Therapy: A physician might ask you to lay down, and then watch your eyes for twitching when the inner eye is disturbed. The direction eyes are moving in tells which semi-circular canal is involved. Simple head maneuvers can be done to move the crystal back to where it’s supposed to be.

Balance clinics: If dizziness is a problem, it’s a good idea to check if it’s something with the inner ear. 

Computerized dynamic posturography: BPPV can be diagnosed and treated using this method. For this test, the patient is tied into a harness so they can’t fall- the ground changes suddenly to test reflexes and balance. 

Electronystagmography (ENG) or videonystagmography (VNG): These tests detect abnormal eye movement using either electrodes (ENG) or small cameras (VNG). By measuring involuntary eye movements while your head is placed in different positions or when the balance system is stimulated with water or air, these tests can help determine if dizziness is due to inner ear disease.

Vestibular exercises:

Each inner ear semi-circular canal has a pathway that senses movement. This pathway connects to the brain stem, which then connects to the eyeball muscles. This reflexive pathway allows you to stay focused on an object while moving your head. When this reflexive pathway is impaired, the world looks like a 90’s home video: the camera bounces when you walk, and your visual field is not stable. If you feel like something is off, then practice shaking your head to retrain the reflex to stay stable. This is called Vestibulo-ocular reflex (VOR) training. 

Exercise 1:

Put your feet in good, full contact with the ground. If you can, sit with your back away from the backrest. Close your eyes. Now we have somatic sensation- feel your body in space, and be aware if you’re leaning or upright. Are you moving or steady? Feel the steady seat underneath you and the sensations letting you know where you are in space.

Now imagine driving down a busy road- stopping starting in traffic.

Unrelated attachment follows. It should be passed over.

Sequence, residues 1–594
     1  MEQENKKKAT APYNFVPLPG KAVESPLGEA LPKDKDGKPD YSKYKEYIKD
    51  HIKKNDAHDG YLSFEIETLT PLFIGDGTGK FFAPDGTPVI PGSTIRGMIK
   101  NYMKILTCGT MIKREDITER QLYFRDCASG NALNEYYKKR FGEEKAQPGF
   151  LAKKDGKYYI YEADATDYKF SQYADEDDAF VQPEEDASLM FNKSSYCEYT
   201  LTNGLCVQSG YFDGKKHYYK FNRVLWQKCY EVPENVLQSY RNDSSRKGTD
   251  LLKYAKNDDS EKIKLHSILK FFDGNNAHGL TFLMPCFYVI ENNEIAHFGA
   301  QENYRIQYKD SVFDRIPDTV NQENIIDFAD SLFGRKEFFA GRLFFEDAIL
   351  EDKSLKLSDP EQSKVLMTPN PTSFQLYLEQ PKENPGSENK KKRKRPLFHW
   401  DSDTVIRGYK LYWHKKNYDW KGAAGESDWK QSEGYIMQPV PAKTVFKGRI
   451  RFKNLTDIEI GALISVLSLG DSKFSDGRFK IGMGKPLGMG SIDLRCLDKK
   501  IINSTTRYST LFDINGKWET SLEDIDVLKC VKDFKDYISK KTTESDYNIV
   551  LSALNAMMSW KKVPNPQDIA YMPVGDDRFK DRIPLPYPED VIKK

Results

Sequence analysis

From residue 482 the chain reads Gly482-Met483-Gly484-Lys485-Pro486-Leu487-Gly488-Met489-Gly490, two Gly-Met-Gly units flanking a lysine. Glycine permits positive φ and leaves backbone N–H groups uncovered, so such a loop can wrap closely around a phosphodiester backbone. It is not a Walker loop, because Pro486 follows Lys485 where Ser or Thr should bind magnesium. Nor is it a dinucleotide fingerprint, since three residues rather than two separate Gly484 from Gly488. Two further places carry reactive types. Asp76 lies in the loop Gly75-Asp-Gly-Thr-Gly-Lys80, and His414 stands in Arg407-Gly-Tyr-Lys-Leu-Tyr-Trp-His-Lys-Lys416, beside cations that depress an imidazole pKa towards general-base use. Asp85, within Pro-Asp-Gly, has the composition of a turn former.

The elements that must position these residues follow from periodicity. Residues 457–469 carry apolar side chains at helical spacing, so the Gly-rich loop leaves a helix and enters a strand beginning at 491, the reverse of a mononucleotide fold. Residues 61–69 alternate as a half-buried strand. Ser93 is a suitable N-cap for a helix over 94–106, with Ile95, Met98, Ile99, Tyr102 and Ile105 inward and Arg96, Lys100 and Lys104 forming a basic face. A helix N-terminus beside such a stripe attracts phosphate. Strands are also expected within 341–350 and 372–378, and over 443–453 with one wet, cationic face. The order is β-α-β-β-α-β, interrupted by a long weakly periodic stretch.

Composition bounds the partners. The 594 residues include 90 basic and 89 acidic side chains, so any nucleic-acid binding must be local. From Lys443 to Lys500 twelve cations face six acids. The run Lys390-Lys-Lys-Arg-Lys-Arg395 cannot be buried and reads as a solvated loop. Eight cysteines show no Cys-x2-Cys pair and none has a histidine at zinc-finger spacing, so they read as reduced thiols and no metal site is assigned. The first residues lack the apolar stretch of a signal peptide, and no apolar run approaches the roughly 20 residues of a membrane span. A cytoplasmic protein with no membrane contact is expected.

What would it feel like if you were cruising down the highway?

Open your eyes.

We just practiced using our vestibular and somatic system to feel where we are in space. 

Exercise 2:

While standing, nod your head “yes” and then shake head “no.” Try this with your feet close together and then far apart to increase difficulty. This exercise uses the vestibular canals and the vestibular spinal system.

Exercise 3:

Close your eyes. Slowly turn your head to look over one shoulder, and then to look over the other. Slowly move your head back and forth. You may feel some extra movement by your feet. This exercise works on the vestibular spinal system. Depending on which side you move your head, it stimulates the left or right side of the muscles/reflex. Exercises like this that stimulate the inner ear system help you use that system better. 

Exercise 4:

Stand with your feet apart. Tap your toes; wiggle your feet. Increase your awareness of what’s going on by your feet. 

Gently test the limits of your stability. How far can you shift to the left? To the right? Feel how your weight distributes on each side. Now, do the same exercise using the balls of your feet. Shift your balance around in little circles, and feel your weight go from foot to foot.

If you feel a little unsteady during this exercise, it’s good to practice. This is a great exercise to do before going out, as it “wakes up” your somatic sensations. It can be done either wearing shoes or barefoot- it’s a good idea to do it both ways. 

Seated exercises:

Power-ups:

Do these with your eyes open first. Sit with your legs apart, and then lean down and extend your arms so your fingers touch the ground.  

Power twist:

Sitting with your legs apart, open your arms and twist your midsection to clap your hands on your left side. Return your arms to an open position, then twist to clap on your right side.

Stepping:

On a chair, lift your left leg up, and bring it out to your left side as if stepping over an imaginary basketball. Return your leg in front of you, stepping over the imaginary basketball once more. Repeat this motion with your right leg, on your right side as well.